Breaking down Boston's barriers
Catching up with Pumpsie Green
EL CERRITO, California -- He was the first African-American player to wear a Boston Red Sox uniform.
A significant figure in Boston Red Sox history, Pumpsie Green joined Boston in 1959 and made his Major League debut on July 24. It was a memory he will never forget.
It was exciting, scary and I went through a lot of changes, especially on the way to Boston, said Green. I was questioned all the way up to Boston and all the time I was there by a lot of people, groups and players. It was a learning experience for me.
Sometimes it would get on my nerves. Sometimes I wonder if I would have even made it to the Major Leagues if it had not been for this Boston thing. Sometimes I wonder if I would have been better off it was not for the Boston thing. Things like that you can never answer, but those questions come up for me.
It was twelve years after Jackie Robinson broke the color barrier in 1947 that Boston became the last team to sign an African-American player.
Thats a lot of what I thought about, said Green. One day in July I got a phone call and I was heading to Boston. Then the cameras came on.
Green was not only the first African-American player in Red Sox history, but he was also a first-time Major Leaguer. Dealing with all the hoopla combined with playing in his first Major League game made it a tough situation for Green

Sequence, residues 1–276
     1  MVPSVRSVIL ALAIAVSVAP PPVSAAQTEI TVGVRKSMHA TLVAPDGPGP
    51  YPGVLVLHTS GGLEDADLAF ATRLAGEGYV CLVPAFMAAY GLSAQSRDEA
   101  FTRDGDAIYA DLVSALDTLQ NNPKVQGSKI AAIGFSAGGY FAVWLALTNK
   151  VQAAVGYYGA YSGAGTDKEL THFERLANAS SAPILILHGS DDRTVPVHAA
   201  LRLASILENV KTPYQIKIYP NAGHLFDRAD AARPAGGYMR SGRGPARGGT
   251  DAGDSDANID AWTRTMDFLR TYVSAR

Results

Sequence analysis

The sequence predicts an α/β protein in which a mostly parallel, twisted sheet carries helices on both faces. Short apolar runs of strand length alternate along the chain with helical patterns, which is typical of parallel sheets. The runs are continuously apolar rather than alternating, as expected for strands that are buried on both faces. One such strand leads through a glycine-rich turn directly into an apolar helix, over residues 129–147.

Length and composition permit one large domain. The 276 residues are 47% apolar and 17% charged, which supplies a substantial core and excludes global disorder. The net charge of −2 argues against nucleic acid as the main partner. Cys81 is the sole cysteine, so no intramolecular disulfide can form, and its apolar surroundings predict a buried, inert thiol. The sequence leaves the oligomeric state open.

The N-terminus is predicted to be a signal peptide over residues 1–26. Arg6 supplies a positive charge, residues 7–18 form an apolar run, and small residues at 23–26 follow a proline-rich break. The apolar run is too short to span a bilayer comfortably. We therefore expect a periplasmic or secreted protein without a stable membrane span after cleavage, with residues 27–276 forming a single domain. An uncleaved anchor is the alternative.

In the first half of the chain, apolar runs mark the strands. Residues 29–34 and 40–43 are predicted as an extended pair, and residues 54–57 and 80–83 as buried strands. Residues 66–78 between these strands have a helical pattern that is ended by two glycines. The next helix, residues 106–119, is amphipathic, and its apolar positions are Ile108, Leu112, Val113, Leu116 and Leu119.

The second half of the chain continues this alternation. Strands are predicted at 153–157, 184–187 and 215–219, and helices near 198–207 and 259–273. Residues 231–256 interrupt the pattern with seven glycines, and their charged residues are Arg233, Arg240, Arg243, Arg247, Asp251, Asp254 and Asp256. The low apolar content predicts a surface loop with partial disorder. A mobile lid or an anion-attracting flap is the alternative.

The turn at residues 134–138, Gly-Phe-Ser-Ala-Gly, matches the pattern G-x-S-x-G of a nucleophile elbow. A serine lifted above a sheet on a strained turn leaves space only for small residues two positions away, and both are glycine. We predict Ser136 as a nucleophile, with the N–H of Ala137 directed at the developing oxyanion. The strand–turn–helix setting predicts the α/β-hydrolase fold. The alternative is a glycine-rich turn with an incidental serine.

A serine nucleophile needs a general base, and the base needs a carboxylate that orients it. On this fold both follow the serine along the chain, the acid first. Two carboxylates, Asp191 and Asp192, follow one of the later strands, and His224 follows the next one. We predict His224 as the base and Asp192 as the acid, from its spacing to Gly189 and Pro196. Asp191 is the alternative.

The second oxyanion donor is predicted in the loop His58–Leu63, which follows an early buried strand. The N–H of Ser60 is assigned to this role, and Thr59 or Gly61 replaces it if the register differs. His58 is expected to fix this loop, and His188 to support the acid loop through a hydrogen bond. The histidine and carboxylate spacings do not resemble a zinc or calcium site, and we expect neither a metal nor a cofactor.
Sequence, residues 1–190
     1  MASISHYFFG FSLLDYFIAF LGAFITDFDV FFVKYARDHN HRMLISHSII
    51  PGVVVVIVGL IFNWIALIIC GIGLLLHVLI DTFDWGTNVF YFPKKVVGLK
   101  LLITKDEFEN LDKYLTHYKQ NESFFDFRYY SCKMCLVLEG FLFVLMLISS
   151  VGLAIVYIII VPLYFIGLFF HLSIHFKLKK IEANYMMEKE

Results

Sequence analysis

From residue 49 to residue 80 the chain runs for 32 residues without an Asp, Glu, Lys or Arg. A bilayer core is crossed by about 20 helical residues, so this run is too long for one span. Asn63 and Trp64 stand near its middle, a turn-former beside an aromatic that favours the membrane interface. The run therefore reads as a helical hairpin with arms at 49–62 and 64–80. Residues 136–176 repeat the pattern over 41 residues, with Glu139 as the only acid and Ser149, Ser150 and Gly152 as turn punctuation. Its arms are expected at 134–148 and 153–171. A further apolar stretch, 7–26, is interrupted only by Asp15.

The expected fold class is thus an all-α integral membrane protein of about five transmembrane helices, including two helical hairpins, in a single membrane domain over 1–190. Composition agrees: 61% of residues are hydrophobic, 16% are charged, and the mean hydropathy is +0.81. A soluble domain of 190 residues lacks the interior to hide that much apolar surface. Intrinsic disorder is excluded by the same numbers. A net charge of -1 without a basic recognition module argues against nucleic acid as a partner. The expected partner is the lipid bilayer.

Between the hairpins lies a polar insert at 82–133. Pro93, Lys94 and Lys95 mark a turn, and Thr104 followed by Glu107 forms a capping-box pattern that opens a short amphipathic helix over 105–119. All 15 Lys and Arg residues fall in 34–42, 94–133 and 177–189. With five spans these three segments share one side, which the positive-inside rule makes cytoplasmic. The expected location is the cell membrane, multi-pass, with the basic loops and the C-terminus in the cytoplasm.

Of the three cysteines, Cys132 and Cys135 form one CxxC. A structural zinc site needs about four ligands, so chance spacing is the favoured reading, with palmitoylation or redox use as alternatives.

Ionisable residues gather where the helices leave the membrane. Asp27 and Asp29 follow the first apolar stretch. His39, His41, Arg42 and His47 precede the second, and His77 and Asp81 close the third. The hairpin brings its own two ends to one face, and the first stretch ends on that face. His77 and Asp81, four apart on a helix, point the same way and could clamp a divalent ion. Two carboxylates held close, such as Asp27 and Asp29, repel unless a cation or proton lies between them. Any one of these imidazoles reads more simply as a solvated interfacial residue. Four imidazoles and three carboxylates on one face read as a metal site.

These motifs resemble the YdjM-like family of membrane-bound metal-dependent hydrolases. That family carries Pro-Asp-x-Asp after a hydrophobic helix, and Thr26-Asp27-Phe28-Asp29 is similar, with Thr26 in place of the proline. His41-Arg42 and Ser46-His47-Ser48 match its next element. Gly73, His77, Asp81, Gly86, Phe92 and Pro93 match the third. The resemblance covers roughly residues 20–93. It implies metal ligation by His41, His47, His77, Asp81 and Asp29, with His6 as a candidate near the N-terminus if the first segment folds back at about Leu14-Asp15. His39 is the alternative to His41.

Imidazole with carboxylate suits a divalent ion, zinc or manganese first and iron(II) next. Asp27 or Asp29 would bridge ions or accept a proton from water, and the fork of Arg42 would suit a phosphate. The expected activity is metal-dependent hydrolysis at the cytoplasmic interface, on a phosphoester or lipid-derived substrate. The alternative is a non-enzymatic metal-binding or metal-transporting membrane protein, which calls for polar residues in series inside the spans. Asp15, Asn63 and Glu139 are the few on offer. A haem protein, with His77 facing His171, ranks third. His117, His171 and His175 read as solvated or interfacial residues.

Besides being the first African-American in Boston, it was exciting no matter who I was with, said Green. Since it was Boston, so much was made of it. Everybody was on the telephone trying to get a hold of me. A lot of times I wish they would have just eased up and let me play baseball. I was nervous coming up to the Major Leagues.
Green now resides in the El Cerrito, California, located in the Bay Area, with his wife Marie. They have been married 46 years and have a son Jerry, 45, who is an antique collector, and a daughter, Heidi 34, who is a teacher. They also have a 14-year-old granddaughter, Brittany.
After retiring from baseball, Green returned to California and became a baseball coach and student supervisor at Berkeley High School.
I liked it, said Green. When I got out of baseball a friend of mine knew I was looking for a job and he said I might like this. I went around and talked to some people at Berkeley and they hired me. The rest is history.
Green has since retired from Berkeley High School and is enjoying life.
I look after my granddaughter from time to time and take her to school, said Green. I joined the YMCA to keep myself in better shape and do that about five times a week. If I sense a few pounds coming on then I try and go seven days a week. I also try and relax and keep up with whats going in sports.
Green, a switch-hitting middle infielder, played four seasons (1959-62) with the Red Sox and was then traded to the New York Mets with Tracy Stallard and a player to be named later (Al Moran) for Felix Mantilla. He played one more season (1963) with the Mets, his final season in the Major Leagues.
I was surprised, said Green of the trade. I didnt know they were going to trade me. You go to sleep one night and wake up the next morning with somebody else.
Since 1959, the Red Sox have made significant strides and Green is very proud to be a Red Sox alum.
I take a lot of pride (in being a Red Sox alum) and I keep an eye on the Red Sox, said Green. People talk to me about the Red Sox and I pull for the Red Sox.
I often tell people that since I am at this stage of my career if I had to do it over again I would like to do the same thing. Thats the way I feel about it.